France’s major film guilds – BLIC, BLOC and ARP – have drafted proposals to amend France’s notoriously strict film windows.
The guilds on Tuesday submitted proposals to the French government which has to enact new regulations by July 1st as part of the European continent’s ambitious Audiovisual Media Services Directive.
The proposals submitted by the film organisations would give a six-month window to pay-TV groups as well as streaming services that invest at least 75% of their annual revenue in France in films that will premiere in French theaters.
Other subscription-based streaming services would access films at 12-15 months, depending on their investments. The shorter windows are seen as strong incentives for streamers like Netflix who currently have to wait a full three years after a film comes out in French theaters before it can be released on the platform.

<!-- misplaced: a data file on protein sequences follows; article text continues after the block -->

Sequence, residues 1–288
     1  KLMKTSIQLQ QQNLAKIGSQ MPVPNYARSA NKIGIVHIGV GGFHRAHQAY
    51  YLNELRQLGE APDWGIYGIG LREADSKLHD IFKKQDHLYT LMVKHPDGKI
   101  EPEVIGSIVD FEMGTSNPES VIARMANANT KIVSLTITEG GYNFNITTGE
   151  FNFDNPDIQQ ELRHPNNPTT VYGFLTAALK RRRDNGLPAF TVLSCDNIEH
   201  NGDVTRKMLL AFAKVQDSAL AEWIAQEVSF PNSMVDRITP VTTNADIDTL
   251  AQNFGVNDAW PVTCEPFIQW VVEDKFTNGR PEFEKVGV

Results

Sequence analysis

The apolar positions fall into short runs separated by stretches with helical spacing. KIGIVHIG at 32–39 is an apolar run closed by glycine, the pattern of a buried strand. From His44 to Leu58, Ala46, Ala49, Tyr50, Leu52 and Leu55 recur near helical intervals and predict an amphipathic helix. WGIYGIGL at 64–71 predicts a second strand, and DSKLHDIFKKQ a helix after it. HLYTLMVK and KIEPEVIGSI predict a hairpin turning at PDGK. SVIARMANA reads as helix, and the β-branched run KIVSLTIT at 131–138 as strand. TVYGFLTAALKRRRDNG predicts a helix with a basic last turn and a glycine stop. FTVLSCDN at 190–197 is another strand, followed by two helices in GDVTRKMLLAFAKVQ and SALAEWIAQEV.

Under the agreement, streaming services would not only need to invest a minimum of their annual revenues in movies that are released in theaters, but also be transparent about their number of subscribers and annual turnover in France.
Streamers would also have to pay royalties to authors, pre-finance French and European content, respect clauses of diversity to spread their wealth across a wide range of content, respect a cap on in-house productions, and editorialize their programming to ensure the promotion of local content.
Netflix has been thriving in France which ranks as one of the service’s biggest international markets, even with a 36-month window. French industry players believe they will be willing to increase their investment and pre-financing of local content considerably so as to be better positioned in the local market.